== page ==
Meknes & Fes
/ D

19 Dec to 27 Dec 2003
27 Dec to 04 Jan 2004.

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We started our tour of Meknes at the Place el Hedim


At one end of it are the Bab Mansour gates:
some of the finest in Morocco.


To one side of the Place el Hedim is the covered market.
The care with which the vendors display their produce is breathtaking.


Roundabout, as in all medinas, there is a maze of alleyways and shops.


Lunch for the Christmas group was a chilly affair.
The building was beautiful though!


Not everyone did the long walk out to the granaries.
This 1km-long section of walls shows the magnitude of Moulay Ismail's plans: these are two of the triple defensive walls.


The arched roofs of two of the vast granaries survived the 1755 earthquake.


Alongside the roofed granaries is a 130m long row of roofless granaries.


Outside, around the town, one can ride in a caleche.


Seeing things like an elegant gateway
that does not even rate a name in the guide books


The Mausoleum of Moulay Ismail is a magnificent building.
This is the ceiling of the chamber adjacent to his tomb.


Transfer to Fes via cedar forests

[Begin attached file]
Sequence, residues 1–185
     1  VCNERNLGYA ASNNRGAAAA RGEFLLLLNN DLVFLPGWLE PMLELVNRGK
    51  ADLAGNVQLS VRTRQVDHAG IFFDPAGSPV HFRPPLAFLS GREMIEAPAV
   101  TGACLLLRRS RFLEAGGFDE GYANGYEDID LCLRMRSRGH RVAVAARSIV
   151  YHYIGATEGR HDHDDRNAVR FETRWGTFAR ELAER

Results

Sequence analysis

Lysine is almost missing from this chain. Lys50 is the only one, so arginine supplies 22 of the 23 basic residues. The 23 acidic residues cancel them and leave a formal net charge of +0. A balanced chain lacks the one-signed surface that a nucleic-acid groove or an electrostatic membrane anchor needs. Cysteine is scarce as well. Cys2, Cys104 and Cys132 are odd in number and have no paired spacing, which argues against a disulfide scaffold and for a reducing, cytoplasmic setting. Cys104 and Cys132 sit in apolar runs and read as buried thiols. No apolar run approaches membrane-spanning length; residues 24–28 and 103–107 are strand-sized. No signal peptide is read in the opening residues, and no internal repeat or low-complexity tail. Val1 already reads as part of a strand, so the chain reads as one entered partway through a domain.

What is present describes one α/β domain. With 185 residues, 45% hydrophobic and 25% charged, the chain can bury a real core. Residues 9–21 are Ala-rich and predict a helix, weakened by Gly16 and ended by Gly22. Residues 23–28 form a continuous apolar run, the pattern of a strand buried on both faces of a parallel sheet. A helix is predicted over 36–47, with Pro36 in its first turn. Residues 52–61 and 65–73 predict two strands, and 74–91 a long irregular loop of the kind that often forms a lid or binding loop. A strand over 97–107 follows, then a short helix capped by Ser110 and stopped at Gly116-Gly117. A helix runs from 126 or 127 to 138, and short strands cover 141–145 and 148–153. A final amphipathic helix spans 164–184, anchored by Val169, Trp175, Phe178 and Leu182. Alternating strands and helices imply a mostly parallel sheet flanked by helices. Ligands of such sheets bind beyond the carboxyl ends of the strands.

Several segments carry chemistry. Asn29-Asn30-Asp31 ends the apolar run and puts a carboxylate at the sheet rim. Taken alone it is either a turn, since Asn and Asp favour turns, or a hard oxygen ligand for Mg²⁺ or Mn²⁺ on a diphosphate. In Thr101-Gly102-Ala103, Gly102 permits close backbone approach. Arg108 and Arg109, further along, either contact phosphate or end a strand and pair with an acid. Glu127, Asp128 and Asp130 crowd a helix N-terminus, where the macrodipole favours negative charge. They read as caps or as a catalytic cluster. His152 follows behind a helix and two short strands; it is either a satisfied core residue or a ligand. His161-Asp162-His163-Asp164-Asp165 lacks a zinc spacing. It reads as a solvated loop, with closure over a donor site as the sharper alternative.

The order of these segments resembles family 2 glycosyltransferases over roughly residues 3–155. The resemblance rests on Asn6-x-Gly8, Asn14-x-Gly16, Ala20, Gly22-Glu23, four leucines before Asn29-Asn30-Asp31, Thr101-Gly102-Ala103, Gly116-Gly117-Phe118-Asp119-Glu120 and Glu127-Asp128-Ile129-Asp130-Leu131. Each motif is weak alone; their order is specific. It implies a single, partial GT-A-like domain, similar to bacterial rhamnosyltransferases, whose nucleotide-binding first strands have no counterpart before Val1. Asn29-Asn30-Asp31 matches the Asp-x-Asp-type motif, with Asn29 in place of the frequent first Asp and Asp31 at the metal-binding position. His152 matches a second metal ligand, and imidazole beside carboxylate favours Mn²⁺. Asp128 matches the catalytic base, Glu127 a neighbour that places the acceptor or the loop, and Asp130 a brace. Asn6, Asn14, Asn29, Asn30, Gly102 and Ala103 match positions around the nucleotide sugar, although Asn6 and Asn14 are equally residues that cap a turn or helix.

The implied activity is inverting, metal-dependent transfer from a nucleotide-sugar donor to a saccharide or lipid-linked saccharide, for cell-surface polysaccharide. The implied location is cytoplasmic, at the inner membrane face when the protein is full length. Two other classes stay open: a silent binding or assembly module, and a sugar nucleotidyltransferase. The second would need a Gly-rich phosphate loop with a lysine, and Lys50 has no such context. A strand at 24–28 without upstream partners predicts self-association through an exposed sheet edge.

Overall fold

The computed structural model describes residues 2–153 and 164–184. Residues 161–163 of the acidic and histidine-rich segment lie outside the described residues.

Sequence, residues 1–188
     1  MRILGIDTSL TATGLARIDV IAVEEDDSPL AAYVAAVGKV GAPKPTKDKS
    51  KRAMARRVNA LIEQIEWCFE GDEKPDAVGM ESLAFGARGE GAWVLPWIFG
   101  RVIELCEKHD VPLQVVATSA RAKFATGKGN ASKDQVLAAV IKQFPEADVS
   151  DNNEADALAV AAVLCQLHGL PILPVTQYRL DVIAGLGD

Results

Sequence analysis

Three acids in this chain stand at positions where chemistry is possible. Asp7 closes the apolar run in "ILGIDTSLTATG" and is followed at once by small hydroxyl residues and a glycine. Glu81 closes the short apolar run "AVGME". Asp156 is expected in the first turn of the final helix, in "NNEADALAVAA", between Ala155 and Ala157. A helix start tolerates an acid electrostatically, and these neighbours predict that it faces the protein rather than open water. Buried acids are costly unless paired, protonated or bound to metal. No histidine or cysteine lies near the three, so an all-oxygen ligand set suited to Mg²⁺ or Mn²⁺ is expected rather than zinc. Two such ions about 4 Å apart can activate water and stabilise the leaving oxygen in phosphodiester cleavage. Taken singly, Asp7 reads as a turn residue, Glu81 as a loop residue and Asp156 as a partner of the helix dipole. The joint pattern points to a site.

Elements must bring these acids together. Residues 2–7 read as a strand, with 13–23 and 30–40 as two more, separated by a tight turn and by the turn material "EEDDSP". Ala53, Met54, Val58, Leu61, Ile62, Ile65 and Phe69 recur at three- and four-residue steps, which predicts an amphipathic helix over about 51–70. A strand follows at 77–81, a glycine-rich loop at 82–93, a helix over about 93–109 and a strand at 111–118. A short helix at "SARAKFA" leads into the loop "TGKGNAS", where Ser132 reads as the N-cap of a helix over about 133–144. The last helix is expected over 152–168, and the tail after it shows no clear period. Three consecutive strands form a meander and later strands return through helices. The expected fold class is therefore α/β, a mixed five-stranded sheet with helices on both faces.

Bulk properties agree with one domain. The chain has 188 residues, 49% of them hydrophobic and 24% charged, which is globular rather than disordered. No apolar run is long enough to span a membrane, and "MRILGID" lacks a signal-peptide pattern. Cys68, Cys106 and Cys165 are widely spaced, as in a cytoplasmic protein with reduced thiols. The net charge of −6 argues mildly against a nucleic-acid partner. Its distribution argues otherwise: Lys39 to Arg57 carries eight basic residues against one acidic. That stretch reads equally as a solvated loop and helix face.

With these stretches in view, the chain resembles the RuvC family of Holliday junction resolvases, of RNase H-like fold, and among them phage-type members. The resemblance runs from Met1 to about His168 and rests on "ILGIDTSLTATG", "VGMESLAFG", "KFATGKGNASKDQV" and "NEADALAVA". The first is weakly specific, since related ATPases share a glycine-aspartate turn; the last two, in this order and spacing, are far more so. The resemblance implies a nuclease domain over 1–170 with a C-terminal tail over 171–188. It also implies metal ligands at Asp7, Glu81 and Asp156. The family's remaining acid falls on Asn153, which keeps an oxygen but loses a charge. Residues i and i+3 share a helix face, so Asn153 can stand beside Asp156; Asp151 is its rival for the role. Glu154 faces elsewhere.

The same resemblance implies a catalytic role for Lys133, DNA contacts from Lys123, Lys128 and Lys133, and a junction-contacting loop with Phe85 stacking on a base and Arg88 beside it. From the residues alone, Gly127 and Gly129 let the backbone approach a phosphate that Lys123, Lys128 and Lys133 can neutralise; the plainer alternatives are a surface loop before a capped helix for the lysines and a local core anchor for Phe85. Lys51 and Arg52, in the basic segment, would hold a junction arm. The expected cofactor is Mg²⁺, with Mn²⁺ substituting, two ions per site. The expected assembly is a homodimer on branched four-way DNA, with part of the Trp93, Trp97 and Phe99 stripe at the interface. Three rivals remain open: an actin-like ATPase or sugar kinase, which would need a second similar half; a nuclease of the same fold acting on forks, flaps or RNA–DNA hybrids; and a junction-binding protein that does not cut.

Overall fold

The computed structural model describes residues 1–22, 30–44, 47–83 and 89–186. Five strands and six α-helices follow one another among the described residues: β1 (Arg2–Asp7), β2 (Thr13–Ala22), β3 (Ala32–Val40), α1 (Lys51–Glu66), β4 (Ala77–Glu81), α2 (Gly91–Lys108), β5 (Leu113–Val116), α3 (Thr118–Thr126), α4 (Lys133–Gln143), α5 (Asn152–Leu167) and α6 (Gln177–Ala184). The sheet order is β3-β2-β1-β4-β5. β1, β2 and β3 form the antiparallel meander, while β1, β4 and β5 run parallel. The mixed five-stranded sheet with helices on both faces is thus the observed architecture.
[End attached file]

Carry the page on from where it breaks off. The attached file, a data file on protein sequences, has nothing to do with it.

A stop along the way at a lookout point with roadside souvenir vendors' stalls.


Here is the start of the cedar forest.


And here is one of the Macaques, hoping it is going to be fed.


The Christmas group ate their lunch in this sunny forest glade.


The New Year group had greyer weather.
However, many of them had the compensation of an enjoyable walk, further up the road.


The New Year group also were able to visit the Monday market at El-Hajeb.
The Christmas group, instead, explored briefly visited the waterfalls near Ifrane.



Here Ahmed el Cohen shows the palace gates.


Eight days later, Alami does the same.


The Bab Boujeloud and, showing through the arch, our favourite lunch-time cafe.


The balconies of the Mellah.


We noticed the kids had household chores to do.


And the harsh punishment for forgetting to do their homework!


Lectures at the spice shop.


The tanneries, with houses beyond.


And more detail of the tanning process.


Bargaining in shops.


Seeing the weavers at work.


And trying-on their products.


A craftsman with a hand-driven lathe uses his foot to steady the tool.


A blacksmith in his workshop.



The Maitre d'hotel sets out the drinks before Christmas Dinner.


And the evening commences.


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